Basket My Basket

Español | Français
Search

On a wet evening last November over 100 volunteers took to the streets of Leicester to locate and survey rough sleepers. Our overnight street count was just one of many events held during our Connections Week (6-10 November 2017) to engage with people who had experience of street homelessness in our city. All in all, our volunteers spoke to 92 individuals (31 on the night count) who provided insight into their personal circumstances and housing histories.

With a lot of media interest and community involvement during the Connections Week, it seemed that the whole of Leicester had started to pay attention to homelessness, but what’s happened since and how has the Leicester End Street Homelessness Campaign actually made a difference to people on the streets?

The campaign certainly got people talking about homelessness locally and for all of the agencies involved, conversations turned from being about problems to focusing on solutions. Having a list of named people made the task of helping rough sleepers off the streets seem all the more manageable. Soon after the Connections Week, campaign partners came together to make plans as to how the 48 people (those who gave their current sleeping location as “outdoors”) could be supported off the streets. Since the count, eight people have been helped off the street including a number of people with very long homeless histories.

This, in many instances, built on work that was already ongoing but gave a renewed energy and focus. With new partners around the table, we found new routes to engage with people and were able to be more flexible in our approach. There remains a challenge in meeting the needs for some of the most entrenched rough sleepers and we’re working together with other organisations to develop a Housing First pilot to address this challenge.

The information gained from rough sleepers has also been invaluable in helping to develop a wider understanding of the backgrounds and needs of the Leicester street homeless population. For instance, the recognition that there is a significant number of care leavers on the street has prompted a review of how the Leicester City Council can better support those who leave its care. Having the involvement of our Local Authority has been central to the campaign’s success to date; the End Street Homelessness Campaign will be embedded in Leicester City Council’s new Homelessness Strategy. After attending the street count, our City Mayor Peter Soulsby recently hosted a Twitter Question & Answer on homelessness, keeping homelessness on the agenda.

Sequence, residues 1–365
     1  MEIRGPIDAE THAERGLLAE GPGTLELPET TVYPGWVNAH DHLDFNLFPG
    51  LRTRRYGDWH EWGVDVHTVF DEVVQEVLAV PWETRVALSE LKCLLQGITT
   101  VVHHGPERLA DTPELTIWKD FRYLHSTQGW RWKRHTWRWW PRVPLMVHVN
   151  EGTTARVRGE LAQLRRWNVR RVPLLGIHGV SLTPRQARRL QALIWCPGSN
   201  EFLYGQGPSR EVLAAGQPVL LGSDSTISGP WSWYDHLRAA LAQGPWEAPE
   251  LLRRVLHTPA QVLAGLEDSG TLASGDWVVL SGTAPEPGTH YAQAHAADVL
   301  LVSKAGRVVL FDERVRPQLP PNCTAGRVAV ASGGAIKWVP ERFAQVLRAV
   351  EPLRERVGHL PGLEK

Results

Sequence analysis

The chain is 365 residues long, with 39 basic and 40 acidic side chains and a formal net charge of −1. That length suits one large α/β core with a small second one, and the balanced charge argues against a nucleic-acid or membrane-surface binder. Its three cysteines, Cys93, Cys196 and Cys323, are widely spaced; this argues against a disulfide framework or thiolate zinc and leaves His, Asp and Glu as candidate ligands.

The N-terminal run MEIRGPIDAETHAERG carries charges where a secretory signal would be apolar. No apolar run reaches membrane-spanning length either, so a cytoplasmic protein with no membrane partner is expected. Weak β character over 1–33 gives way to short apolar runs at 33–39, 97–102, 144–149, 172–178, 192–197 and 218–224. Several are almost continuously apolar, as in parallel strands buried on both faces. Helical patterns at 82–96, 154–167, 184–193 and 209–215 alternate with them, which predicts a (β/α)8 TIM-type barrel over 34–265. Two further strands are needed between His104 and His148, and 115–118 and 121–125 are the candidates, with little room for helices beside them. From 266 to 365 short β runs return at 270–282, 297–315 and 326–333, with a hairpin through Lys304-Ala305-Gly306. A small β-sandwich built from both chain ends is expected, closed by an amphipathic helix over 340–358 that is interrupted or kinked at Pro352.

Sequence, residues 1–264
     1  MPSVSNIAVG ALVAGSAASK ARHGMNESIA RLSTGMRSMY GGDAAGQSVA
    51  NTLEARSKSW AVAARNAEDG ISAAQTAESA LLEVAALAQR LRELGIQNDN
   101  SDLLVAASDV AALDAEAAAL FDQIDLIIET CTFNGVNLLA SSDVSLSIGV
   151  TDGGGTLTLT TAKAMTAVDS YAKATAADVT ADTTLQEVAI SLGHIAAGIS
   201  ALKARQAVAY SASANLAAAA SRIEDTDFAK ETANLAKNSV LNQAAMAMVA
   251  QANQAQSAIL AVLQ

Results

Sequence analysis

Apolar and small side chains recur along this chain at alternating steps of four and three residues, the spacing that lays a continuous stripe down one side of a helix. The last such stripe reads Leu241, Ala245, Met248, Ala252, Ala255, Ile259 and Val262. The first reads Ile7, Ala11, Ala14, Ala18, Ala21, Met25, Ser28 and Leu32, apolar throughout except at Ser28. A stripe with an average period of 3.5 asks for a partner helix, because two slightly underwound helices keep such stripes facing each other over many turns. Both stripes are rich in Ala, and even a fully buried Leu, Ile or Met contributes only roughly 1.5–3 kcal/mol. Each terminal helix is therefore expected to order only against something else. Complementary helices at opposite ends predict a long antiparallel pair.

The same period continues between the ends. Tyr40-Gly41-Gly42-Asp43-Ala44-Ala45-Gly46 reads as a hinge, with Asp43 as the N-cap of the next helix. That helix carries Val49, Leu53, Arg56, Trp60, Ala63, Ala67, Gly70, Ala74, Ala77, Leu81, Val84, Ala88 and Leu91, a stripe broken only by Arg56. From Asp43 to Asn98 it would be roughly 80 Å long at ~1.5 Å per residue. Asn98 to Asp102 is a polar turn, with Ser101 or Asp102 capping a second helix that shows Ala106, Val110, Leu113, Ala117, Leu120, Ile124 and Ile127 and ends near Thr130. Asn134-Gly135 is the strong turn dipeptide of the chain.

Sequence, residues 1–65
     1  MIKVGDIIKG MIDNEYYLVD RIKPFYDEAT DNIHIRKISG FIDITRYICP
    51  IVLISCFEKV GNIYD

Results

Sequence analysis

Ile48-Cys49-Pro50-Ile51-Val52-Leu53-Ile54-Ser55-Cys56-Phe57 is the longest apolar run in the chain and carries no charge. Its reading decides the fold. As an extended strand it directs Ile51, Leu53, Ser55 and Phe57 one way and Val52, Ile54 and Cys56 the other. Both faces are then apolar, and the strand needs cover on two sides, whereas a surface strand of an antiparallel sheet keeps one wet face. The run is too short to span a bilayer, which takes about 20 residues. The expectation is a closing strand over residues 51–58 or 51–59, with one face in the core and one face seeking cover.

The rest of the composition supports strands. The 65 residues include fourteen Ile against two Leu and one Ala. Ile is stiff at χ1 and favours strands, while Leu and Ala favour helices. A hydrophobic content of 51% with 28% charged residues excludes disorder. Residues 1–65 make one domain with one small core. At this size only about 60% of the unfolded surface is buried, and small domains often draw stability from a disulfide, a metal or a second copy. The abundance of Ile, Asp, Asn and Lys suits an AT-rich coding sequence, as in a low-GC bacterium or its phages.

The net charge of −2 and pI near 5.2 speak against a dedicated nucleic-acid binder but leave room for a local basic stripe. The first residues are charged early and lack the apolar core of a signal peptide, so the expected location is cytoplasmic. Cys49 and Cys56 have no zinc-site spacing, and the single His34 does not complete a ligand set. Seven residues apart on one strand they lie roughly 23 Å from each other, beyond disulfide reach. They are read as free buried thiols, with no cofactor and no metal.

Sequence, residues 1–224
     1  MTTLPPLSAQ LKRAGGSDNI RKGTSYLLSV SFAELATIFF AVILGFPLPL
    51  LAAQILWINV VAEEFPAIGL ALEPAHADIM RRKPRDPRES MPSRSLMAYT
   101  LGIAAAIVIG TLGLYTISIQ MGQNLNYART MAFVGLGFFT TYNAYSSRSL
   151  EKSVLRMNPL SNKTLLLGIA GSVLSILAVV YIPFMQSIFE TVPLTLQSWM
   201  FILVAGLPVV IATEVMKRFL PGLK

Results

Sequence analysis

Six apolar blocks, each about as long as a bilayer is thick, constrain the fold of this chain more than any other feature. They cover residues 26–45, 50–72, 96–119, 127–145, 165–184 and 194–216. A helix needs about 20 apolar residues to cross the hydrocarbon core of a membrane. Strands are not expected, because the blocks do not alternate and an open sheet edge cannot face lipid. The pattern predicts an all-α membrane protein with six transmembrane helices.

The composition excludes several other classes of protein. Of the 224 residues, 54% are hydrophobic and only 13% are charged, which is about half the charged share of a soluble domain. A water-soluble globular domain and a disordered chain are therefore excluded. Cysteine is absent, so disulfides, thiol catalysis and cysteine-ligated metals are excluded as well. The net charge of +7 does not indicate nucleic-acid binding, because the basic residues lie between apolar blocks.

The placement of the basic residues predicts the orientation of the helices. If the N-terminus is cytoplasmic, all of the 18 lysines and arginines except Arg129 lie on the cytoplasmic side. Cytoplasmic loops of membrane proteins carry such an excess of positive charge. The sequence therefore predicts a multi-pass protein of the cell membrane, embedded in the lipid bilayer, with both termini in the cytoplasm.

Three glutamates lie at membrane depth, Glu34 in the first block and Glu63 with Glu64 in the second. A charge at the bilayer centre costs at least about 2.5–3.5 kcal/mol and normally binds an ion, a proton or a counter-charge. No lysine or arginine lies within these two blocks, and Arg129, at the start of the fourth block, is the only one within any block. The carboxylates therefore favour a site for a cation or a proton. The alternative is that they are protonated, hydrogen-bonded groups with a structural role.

The campaign has also opened up discussions with people who may not traditionally engage in homelessness issues including local business leaders. We feel part of our job, as Campaign Lead, is to help people understand how they could play their part in tackling street homelessness.

There is now a real sense and determination in Leicester that ending street homelessness is achievable. To keep this momentum alive, we are working on plans for a campaign conference where we will share findings from Connections Week. The aim is to develop a Homelessness Charter for Leicester by bringing together churches, businesses and charities, as well as the council, universities and police to come up with some creative solutions and pledge to demonstrate active support to end street homelessness in Leicester by 2020.

Mark Grant is CEO of Action Homeless which is leading action in the Leicester campaign.


Latest News

View all

2018 World Habitat Awards announced

| News update

Join the discussion